Ban Bee-Killing Pesticides

A SMALL POLLINATOR, A BIG PROBLEM — Millions of bees are dying off every year, and scientists point to a widely used class of pesticides as one of the main causes.

Our Food Supply Relies On Bees

We have to stop the bee die-off and help this vitally important species recover, for the sake of our food, the environment and our economy. 

Bees are dying in the United States and around the world, and it’s a major problem. We rely on bees to pollinate 71 of the 100 crops that provide 90 percent of the world’s food. In the U.S. alone, honey bees pollinate an estimated $15 billion worth of crops every year.

We rely on bees to pollinate everything from strawberries to broccoli to the alfalfa used to feed dairy cows. Imagine no almonds, less coffee and chocolate, fewer apples and strawberries, less ice cream and milk … the list goes on.

The bottom line: without bees, we don’t have food.

OUR FAVORITE FOODS — Bees play an important role in pollinating some of our favorite foods, from strawberries and apples to almonds and coffee.

10,000 Times More Toxic To Bees Than DDT 

Scientists point to pesticides as one of the main factors causing bees to die off in alarming numbers, in particular a class of bee-killing insecticides known as neonicotinoids (or neonics). 

When seeds are treated with neonics, the chemicals work their way into the pollen and nectar of the plants — which, of course, is bad news for bees and other pollinators. 

Worse, neonics are at least 5,000-10,000 times more toxic to bees than DDT. 

Just one example: After a nearby farm planted corn seeds coated with neonics in 2013, farmer Dave Schuit lost 37 million of his bees. “Once the corn started to get planted, our bees died by the millions,” said Schuit. 

UNPRECEDENTED LOSSES — In recent years, beekeepers report they’re losing an average 30 percent of all honey bee colonies each winter, twice the amount considered sustainable.

We Can Eliminate These Pesticides

Given the consequences for our farms and our food, you’d think we’d be doing all we can to protect bees and other pollinators from neonics. 

Scientists say that we don’t even need to spray these chemicals, since we have commonsense alternatives like altering the time of planting and watering, and planting more native species. 

Yet big agrichemical companies like Monsanto, Dow Chemical, Bayer and Syngenta are fighting to prevent bans. Syngenta has even asked federal regulators for permission to use even larger quantities of these pesticides — as much as 400 times more than currently allowed. 

Alarmed by the role these chemicals are playing in the decline of bee populations, the European Union has banned several of them; the U.S. Fish and Wildlife Service has committed to phasing them out on the public lands they manage; and cities like Seattle and states like Maryland have taken action as well. 

Still, even with evidence showing that neonics need to be banned, we continue to spray about 46 million pounds of these pesticides on our homes, gardens and public spaces every year. 

NO SAFE PLACE FOR A BEE TO EXIST — According to a recent study, about three quarters of all honey worldwide is contaminated with pesticides known to harm bees.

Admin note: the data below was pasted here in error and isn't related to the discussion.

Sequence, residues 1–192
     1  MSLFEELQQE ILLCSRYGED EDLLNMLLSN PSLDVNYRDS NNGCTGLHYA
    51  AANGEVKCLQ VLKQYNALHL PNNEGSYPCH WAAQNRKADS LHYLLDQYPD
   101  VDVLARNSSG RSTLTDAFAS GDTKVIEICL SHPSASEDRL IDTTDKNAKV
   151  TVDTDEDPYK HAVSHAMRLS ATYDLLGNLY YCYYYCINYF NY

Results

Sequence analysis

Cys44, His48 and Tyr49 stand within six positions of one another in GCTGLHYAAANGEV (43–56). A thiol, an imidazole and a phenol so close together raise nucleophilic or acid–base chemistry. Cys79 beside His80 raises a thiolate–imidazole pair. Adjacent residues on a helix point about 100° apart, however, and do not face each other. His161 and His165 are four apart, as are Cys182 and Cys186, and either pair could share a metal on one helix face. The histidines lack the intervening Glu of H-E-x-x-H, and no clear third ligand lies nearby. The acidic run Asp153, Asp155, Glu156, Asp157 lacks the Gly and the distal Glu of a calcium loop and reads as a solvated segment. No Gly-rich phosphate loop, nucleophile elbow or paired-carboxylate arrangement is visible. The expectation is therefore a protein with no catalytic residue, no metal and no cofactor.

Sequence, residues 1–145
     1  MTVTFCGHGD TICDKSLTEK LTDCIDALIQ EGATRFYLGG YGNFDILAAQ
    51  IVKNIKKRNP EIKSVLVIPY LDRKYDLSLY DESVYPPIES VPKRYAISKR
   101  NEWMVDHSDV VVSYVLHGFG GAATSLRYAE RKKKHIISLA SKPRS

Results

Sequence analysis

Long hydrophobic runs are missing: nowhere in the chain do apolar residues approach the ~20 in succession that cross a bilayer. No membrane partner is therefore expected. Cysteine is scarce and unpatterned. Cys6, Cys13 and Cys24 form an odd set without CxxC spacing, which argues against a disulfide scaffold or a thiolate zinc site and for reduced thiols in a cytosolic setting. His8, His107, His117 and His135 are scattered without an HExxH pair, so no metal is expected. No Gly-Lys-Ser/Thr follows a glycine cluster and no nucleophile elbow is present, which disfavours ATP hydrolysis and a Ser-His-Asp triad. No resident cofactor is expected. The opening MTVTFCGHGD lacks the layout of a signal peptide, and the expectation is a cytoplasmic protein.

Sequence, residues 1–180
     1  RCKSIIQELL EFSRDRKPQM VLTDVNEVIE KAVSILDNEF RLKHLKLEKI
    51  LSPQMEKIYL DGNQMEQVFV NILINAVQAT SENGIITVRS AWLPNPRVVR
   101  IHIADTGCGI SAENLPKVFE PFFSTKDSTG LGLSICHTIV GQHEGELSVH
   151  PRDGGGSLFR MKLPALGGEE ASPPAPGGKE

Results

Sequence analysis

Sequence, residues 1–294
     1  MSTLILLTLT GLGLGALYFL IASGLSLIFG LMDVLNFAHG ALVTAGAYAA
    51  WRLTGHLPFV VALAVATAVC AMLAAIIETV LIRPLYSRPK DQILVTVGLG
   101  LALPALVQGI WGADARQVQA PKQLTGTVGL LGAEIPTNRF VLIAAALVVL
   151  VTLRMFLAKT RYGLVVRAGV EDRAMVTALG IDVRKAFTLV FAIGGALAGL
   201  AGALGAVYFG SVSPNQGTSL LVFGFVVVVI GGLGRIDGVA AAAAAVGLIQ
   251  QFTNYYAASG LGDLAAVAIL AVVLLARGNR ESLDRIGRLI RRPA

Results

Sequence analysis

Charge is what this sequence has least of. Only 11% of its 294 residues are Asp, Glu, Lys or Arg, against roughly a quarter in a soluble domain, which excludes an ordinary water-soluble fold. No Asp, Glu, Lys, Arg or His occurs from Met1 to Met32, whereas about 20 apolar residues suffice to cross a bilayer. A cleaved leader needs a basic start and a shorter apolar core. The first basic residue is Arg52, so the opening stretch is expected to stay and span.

It’s Time For States To Take Action

For the past several years, PIRG and other groups have asked the Environmental Protection Agency (EPA) to ban these pesticides nationwide, and they have failed to do so. We’re not waiting on the EPA any longer. Now, to protect bees and our food supply, we're calling on states to act. 

In order to restore bee populations to health and save our food supply, we need states to ban the sale of bee-killing pesticides for our homes, parks and gardens and ensure that they are not used on state property. 

If enough states take action, we will eliminate the use of more than 40 percent of insecticides used in this country. That’s a lot of bees that we can save — bees that will pollinate our food. 

That kind of collective action will be a strong signal to large chemical companies and the federal government that we want them to stop poisoning our parks, homes and food with these products. 

Right now, we’re spraying chemicals that are known to kill bees just as we’re in the midst of an unsustainable die-off in bee populations. That has to change — now. 

Join us in calling on Gov. Brown to take action to protect bees and our food. 

Issue updates

Blog Post | Public Health

Chlorpyrifos: Too Toxic for California | Laura Deehan

Today, CALPIRG joined Californians for Pesticide Reform and 116 other groups strongly supporting the Department of Pesticide Regulation proposal to designate chlorpyrifos as a toxic air contaminant. But the state must not stop there; protecting the public from risks posed by chlorpyrifos means preventing its use completely. The Dept Pesticide Regulation should also cancel all registrations of chlorpyrifos, and immediately suspend current registration of chlorpyrifos containing products. 

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Blog Post | Public Health

Water in half of San Francisco Unified School District tested positive for lead

We've visualized the lead problem in San Francisco schools, and the picture is an alarming one.